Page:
A Trusted Execution Environment (TEE) is a relatively new technology that allows to run an application in a special hardware-protected environment called enclave. Enclaves are cryptographically isolated and protected from the rest of the world, ensuring strong confidentiality and integrity guarantees. Moreover, a mechanism called Remote Attestation is used to obtain a proof that an application running on a remote server is loaded inside an enclave and was not tampered with at loading time. There are several TEEs available in both industry and research worlds, each of them is platform-specific, come with different system footprint, and provide slightly different security guarantees: open-source developments include Sancus and Keystone; proprietary options are, e.g., SGX for Intel processors, SEV for AMD, TrustZone for ARM, etc. Therefore, developing a heterogeneous, distributed application that uses different TEEs is non-trivial for a developer, who needs to adapt the code of each component (or module) to a specific platform. Open-source projects such as Open Enclave SDK and Google Asylo aim to bridge the development gap between different TEEs. However, software engineers still need to account for the communication between different modules, which has to be properly secured with cryptographic operations for data encryption and authentication. After the development phase, a system operator is responsible for deploying this distributed application on the (potentially shared) infrastructure: each module has to be properly initialized and attested (e.g., using Remote Attestation), and connections have to be established (e.g., by creating and distributing session keys). In summary, ensuring strong confidentiality and integrity guarantees in such a situation is difficult and error-prone.
The framework we are developing automatically handles all of this work: deployment, attestation, configuration, provisioning of communication APIs. Therefore, it provides the developer an abstraction layer in which they only need to implement the application’s logic. The idea behind our implementation is based on the concept of Authentic Execution, which aims to ensure a strong integrity guarantee over the whole execution of an application. The following citation from our previous paper describes the goal of Authentic Execution:
"Roughly speaking, our notion of authentic execution is the following: if the application produces a physical output event (e.g.,turns on an LED), then there must have happened a sequence of physical input events such that that sequence, when processed by the application (as specified in the high-level source code), produces that output event." (from https://people.cs.kuleuven.be/~jantobias.muehlberg/stm17/paper.pdf)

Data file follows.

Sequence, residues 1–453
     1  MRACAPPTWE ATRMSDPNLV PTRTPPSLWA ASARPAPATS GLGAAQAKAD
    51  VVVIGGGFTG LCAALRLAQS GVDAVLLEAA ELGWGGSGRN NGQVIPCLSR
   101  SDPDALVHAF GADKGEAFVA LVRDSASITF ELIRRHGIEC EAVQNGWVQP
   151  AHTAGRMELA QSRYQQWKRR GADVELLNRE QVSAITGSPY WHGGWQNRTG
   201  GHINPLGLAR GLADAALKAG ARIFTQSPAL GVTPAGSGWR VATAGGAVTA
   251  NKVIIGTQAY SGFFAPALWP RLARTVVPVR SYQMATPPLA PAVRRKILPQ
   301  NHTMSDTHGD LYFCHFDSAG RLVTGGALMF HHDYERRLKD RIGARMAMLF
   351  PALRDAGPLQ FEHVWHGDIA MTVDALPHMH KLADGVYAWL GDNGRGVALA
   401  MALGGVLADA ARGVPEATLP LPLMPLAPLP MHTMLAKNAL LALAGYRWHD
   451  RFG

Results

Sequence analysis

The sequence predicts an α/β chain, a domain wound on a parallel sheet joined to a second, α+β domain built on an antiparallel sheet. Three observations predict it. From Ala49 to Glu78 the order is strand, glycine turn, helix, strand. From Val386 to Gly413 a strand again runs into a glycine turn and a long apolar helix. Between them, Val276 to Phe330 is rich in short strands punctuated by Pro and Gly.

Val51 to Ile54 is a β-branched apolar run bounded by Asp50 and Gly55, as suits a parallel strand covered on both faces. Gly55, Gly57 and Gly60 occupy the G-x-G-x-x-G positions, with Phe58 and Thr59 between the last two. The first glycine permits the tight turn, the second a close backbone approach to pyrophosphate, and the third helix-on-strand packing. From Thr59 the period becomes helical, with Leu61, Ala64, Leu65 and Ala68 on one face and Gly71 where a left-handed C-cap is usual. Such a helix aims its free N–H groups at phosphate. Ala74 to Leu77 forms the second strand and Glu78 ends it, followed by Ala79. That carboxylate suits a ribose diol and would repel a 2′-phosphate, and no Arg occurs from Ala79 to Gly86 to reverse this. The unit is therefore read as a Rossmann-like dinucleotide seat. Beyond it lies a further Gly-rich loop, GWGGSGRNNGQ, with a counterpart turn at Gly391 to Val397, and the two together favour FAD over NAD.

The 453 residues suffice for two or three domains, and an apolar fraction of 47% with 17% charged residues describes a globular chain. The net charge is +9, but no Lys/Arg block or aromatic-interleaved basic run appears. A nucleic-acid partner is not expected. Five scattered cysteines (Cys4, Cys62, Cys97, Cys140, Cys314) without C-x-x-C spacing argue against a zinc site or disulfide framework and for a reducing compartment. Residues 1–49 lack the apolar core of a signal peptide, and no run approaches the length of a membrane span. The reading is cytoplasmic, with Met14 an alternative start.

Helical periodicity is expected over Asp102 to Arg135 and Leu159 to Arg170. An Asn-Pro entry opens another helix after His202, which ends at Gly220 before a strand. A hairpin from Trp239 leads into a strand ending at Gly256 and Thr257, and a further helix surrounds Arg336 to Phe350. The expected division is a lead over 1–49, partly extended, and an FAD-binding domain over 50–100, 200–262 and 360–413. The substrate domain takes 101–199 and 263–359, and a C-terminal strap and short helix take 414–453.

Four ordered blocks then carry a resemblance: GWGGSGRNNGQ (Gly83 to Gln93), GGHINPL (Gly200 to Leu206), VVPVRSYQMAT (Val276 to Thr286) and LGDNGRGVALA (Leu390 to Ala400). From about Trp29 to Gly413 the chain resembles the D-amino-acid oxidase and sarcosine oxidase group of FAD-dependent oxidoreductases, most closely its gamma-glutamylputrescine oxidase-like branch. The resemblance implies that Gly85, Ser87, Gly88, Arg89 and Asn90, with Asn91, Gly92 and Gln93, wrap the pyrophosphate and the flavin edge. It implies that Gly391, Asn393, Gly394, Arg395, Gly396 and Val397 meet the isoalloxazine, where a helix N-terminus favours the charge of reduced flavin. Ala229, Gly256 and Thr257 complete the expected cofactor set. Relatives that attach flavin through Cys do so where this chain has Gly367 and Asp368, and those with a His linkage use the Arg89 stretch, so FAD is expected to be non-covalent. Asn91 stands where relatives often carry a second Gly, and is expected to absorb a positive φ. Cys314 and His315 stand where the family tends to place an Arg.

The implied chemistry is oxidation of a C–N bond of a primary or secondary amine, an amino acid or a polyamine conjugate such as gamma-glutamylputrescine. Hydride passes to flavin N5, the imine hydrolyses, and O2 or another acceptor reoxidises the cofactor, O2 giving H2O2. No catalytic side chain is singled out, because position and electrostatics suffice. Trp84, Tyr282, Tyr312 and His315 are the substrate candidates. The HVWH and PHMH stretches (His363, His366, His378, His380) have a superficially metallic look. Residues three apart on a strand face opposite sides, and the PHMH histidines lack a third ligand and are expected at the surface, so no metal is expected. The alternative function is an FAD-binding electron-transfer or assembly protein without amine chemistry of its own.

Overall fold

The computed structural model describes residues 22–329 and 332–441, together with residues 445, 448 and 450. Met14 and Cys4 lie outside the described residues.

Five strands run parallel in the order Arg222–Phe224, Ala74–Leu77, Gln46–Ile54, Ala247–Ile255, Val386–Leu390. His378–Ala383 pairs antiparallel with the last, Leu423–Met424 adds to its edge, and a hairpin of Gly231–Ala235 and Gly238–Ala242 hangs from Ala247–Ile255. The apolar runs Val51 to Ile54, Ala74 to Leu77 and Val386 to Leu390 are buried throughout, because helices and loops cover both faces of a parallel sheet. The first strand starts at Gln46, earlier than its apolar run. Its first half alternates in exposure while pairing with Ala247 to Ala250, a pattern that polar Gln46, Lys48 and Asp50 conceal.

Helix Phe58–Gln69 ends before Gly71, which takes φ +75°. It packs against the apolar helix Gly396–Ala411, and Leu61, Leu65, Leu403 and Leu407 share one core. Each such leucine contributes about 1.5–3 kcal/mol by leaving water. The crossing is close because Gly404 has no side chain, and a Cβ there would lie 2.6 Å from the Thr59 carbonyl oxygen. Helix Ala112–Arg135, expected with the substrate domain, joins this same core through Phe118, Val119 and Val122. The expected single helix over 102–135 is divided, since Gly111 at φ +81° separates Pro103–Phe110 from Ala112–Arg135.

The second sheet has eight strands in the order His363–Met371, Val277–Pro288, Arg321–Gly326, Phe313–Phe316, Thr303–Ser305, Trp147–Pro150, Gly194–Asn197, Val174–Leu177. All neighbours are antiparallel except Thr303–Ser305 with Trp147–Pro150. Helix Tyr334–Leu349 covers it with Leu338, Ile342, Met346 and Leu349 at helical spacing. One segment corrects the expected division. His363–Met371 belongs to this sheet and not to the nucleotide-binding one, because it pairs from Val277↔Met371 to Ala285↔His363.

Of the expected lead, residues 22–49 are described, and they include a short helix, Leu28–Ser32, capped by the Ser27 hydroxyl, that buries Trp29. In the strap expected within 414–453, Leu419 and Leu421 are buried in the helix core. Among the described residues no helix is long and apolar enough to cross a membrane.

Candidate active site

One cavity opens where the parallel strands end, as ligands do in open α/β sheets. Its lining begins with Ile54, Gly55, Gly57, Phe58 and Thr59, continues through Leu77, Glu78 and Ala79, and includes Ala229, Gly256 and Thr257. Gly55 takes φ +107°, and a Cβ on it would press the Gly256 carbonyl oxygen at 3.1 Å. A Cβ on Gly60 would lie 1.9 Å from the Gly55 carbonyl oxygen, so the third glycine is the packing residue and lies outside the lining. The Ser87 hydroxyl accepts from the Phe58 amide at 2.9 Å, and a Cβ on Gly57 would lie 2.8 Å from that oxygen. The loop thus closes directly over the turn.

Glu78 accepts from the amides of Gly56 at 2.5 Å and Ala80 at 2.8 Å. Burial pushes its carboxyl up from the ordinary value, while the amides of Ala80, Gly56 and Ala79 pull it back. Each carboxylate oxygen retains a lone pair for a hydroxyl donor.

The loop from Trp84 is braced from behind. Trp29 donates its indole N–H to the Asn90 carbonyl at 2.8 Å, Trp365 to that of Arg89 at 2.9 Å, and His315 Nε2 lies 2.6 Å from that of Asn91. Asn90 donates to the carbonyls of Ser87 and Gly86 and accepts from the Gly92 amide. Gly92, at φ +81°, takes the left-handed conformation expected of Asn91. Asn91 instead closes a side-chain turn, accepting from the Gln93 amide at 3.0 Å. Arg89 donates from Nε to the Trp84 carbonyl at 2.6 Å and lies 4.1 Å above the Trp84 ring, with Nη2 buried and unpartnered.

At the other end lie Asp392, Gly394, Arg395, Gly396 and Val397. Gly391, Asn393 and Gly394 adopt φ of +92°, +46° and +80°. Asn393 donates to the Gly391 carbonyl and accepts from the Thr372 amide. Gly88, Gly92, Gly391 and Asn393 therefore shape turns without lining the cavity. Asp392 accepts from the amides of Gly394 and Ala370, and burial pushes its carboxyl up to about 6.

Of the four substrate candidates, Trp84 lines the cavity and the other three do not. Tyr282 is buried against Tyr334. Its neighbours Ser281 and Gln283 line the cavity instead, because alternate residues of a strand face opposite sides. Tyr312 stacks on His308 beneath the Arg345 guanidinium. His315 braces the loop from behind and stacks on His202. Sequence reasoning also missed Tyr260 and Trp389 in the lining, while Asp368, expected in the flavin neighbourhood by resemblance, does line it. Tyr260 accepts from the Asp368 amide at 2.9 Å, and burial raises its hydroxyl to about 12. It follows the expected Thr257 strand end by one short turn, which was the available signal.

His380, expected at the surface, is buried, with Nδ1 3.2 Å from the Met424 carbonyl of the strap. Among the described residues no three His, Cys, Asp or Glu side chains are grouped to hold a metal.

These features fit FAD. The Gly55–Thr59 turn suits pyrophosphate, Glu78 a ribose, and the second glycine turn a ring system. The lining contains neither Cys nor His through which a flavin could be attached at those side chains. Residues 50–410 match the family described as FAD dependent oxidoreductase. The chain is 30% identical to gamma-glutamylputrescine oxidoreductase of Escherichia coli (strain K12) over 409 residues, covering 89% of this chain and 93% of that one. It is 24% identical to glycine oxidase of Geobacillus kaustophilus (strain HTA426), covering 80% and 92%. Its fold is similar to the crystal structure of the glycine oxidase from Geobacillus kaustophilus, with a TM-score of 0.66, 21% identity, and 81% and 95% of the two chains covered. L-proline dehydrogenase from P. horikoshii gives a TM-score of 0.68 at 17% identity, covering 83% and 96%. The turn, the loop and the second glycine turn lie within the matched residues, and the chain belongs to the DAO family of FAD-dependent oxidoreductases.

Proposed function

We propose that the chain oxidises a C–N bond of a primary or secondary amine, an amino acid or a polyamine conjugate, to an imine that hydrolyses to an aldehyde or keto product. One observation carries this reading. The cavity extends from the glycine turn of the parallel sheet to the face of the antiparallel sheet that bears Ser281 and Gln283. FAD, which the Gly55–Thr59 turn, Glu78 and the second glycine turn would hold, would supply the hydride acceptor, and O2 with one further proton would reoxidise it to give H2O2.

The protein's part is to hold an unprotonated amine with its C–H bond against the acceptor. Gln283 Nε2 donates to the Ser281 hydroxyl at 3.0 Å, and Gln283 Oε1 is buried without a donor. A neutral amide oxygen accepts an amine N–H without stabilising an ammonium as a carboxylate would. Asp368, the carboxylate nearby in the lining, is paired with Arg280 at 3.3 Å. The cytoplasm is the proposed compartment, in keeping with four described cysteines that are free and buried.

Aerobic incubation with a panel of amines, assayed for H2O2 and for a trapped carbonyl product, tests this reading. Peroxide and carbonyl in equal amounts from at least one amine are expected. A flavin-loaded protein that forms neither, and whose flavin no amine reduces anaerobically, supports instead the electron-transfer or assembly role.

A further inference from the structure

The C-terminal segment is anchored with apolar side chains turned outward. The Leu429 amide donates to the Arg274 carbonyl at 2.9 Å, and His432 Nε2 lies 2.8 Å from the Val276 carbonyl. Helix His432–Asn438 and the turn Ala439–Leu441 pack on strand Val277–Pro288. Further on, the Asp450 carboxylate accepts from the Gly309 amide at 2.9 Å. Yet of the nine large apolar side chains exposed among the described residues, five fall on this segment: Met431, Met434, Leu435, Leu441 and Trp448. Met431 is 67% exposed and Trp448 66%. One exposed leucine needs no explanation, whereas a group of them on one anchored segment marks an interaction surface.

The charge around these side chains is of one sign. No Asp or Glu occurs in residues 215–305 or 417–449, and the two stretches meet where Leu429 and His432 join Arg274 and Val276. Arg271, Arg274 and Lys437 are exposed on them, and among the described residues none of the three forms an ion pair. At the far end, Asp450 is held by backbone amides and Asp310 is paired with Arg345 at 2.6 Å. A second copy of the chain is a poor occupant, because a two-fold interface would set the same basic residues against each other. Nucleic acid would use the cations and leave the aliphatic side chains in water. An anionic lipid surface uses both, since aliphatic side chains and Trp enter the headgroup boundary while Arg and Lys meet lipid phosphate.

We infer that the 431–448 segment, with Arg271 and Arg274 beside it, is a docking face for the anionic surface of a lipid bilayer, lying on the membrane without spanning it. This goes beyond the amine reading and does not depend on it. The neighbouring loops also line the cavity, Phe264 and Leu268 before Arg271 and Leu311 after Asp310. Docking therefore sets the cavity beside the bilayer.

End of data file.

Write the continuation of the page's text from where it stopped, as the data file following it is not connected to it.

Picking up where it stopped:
Note that this concept focuses mainly on the integrity of an application: however, confidentiality comes for free in our implementation, thanks to confidential computing provided by the TEEs and authenticated encryption of the data.
Currently, our framework supports Intel SGX, ARM TrustZone and Sancus (an open-source, embedded TEE for lightweight microcontrollers), allowing the development of applications that can be used in a broad range of use cases, which include cloud processing, mobile devices and lightweight IoT. Our purpose is to provide end-to-end security from low-end systems that include I/O devices to high-end computation nodes. In the presentation, we will demonstrate the use of our framework on the example of a prototypic secure smart irrigation system, a typical use-case for Smart Environments. This example combines SGX and Sancus together to build a secure, heterogeneous system composed of data processing servers and low-power microcontrollers.
Our work also focuses on code quality, especially in order to ensure absence of memory-corruption vulnerabilities. This is essential for enforcing the security guarantees we are aiming for: TEEs and crypto are not helpful if the code is bugged. Hence, the SGX part of our framework was entirely written in Rust, a modern and fast programming language that provides by nature protection against all low-level memory-corruption vulnerabilities. Work for ARM TrustZone is currently ongoing. We are exploring the use of Rust and C in this implementation as well. Sancus is based on the embedded MSP430 processor with a 16-bit CPU, and therefore its implementation was written in C and assembly. Testing and verification techniques are to be applied here to ensure the absence of memory-corruption vulnerabilities.
Our framework aims to minimize the developer’s effort as much as possible: only the application’s logic should be implemented by them, leaving all the details about enclaved execution, secure inter-module communication and Remote Attestation to our framework. To ensure this, the system operator writes a configuration file called deployment descriptor, which includes information about the nodes where the modules will be deployed to, as well as the declaration of connections between two different modules. We implemented a tool that takes as input the source code of all the modules and the deployment descriptor, and it automatically deploys the distributed application according to the information provided in the descriptor. In addition, Remote Attestation is automatically performed to verify the correctness of each module and to exchange session keys for the inter-module communications. Work is in progress to provide complete abstraction over the underlying platform where a module is executed: the ultimate goal is to write an application’s module without having prior knowledge about whether it will be executed on e.g. a SGX or a TrustZone platform. However this is a non-trivial challenge, since two platforms might present huge differences (e.g., Sancus and SGX), and since many features are only available on specific implementations (e.g., Secure I/O).